Brain Prize winners 2013 - Six scientists honored with the world’s largest brain research prize.

The Brain Prize See all

Brain Prize winners 2013 - Six scientists honored with the world’s largest brain research prize.

Six eminent scientists share the world’s largest brain research prize

The Brain Prize - Denmark's 1 million euro brain research prize - is awarded to six leading scientists for the development of ‘optogenetics’, a revolutionary technique that advances our understanding of the brain and its disorders.

The names of the prize winners, Austrian Gero Miesenböck, Germans Ernst Bamberg, Peter Hegemann, and Georg Nagel, and Americans Ed Boyden and Karl Deisseroth, were announced on Monday 11 March 2013 in Copenhagen.

Together these scientists laid the foundations for a revolutionary technique - optogenetics - which will provide us with entirely new, fundamental knowledge of the complicated functions of the brain.

Optogenetics makes it easier to investigate diseases of the brain such as Parkinson's disease, Alzheimer's disease, epilepsy, pain disorders, schizophrenia, ADHD and addiction. It will play a significant role in the understanding of these disorders and, over time, in the development of a treatment for them.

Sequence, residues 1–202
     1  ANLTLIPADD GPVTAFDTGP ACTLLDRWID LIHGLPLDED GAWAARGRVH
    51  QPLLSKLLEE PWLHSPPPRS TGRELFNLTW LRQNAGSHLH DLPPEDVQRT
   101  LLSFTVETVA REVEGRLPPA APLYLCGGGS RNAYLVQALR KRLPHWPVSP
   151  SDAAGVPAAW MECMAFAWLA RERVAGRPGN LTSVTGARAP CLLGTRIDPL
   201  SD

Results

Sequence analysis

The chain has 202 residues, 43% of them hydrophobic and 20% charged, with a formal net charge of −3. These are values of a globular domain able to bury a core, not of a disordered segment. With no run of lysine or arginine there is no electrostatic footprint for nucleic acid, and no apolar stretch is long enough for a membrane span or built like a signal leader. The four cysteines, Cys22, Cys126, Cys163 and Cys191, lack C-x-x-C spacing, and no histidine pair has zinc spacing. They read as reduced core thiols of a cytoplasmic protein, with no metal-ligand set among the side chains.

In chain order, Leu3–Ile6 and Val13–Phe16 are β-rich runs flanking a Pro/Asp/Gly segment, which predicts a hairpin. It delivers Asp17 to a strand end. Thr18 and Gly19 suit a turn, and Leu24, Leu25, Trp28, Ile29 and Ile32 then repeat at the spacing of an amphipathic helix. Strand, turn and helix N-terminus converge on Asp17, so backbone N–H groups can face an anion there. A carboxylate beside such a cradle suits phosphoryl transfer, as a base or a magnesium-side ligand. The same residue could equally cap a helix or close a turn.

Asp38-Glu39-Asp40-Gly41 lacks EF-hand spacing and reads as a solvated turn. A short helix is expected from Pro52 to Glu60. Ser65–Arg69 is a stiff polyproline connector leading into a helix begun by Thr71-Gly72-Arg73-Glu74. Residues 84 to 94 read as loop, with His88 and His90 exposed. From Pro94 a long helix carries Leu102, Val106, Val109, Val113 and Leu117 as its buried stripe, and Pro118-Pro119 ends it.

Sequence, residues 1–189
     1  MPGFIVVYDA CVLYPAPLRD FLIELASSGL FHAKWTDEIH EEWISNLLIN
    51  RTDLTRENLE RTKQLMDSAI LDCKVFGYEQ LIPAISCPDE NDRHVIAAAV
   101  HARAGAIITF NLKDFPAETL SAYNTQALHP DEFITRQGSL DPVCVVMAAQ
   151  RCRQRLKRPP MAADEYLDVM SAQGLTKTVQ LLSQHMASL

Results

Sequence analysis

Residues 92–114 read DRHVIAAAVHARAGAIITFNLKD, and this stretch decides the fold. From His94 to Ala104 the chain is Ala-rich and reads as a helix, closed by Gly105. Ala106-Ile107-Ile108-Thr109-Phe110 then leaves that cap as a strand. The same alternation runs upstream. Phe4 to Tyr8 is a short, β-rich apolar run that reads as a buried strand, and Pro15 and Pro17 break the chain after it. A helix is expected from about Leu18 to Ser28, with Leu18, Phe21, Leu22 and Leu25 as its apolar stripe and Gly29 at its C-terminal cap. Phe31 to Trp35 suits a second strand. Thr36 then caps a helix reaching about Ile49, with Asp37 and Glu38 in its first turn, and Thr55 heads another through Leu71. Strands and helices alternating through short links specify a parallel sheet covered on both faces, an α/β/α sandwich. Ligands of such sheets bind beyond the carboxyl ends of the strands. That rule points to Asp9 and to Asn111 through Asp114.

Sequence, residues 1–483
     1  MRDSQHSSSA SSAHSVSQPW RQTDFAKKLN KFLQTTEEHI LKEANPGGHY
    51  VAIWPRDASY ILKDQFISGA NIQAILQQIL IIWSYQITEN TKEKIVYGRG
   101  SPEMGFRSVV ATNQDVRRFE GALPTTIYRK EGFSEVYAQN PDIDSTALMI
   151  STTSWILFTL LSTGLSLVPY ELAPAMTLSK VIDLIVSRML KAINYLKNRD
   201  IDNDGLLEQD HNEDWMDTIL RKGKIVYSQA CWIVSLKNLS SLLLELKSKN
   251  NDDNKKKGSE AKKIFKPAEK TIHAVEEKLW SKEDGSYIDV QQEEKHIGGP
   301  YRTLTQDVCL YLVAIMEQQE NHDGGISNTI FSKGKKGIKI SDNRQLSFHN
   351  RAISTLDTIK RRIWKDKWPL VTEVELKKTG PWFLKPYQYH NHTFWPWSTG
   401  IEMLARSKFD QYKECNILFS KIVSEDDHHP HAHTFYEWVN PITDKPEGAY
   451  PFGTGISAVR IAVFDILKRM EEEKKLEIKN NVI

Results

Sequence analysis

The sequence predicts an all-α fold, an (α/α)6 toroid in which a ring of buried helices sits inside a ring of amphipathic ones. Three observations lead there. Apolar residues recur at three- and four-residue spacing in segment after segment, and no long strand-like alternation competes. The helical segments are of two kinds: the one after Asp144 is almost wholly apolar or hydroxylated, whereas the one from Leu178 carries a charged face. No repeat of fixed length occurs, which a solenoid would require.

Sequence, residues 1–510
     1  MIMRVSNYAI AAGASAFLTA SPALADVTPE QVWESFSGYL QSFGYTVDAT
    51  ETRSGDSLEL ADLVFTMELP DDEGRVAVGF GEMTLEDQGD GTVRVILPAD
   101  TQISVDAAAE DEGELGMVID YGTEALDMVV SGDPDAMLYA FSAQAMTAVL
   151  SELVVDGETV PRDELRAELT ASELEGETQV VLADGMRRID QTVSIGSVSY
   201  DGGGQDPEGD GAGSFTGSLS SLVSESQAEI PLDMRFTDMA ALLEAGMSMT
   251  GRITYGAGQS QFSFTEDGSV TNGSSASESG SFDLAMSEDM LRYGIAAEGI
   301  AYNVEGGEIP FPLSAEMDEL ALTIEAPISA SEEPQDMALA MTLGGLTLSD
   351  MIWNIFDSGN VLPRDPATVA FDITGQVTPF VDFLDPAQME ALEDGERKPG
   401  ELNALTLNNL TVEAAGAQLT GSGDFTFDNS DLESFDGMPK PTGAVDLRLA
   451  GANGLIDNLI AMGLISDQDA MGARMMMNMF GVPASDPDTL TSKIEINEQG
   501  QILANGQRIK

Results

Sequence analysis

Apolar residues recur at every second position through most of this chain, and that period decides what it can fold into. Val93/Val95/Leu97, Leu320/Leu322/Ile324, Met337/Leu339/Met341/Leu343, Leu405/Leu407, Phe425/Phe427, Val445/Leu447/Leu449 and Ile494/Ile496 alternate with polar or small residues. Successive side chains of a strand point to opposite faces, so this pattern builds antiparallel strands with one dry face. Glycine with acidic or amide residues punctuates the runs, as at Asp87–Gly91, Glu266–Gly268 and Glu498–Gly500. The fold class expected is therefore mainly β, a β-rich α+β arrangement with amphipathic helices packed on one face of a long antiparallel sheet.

The Brain Prize is awarded by the Grete Lundbeck European Brain Research Prize Foundation. British professor Colin Blakemore, chairman of the Foundation's selection committee, says:

“Optogenetic control of nerve cells is arguably the most important technical advance in neuroscience in the past 40 years. It offers a revolution in our understanding of the way in which circuits of neurons carry out complex functions, such as learning and controlling movement. And it could provide an entirely new approach to the restoration of function in blindness or brain degeneration, and to the treatment of a variety of other neurological and psychiatric disorders”

Breakthrough of the decade

Optogenetics, which has been called the breakthrough of the decade, involves the use of light to control neurons. Neurons can be genetically modified and made light-sensitive. Then, when these neurons are stimulated by specific wavelengths of light, they can be turned either on or off.

The four European scientists, Bamberg, Hegemann, Miesenböck and Nagel, made the fundamental observations and discoveries and developed light-sensitive molecules that can be introduced into specific types of neuron. The two Americans collaborated with the Europeans to develop the technique further and put it to work in living mammals.

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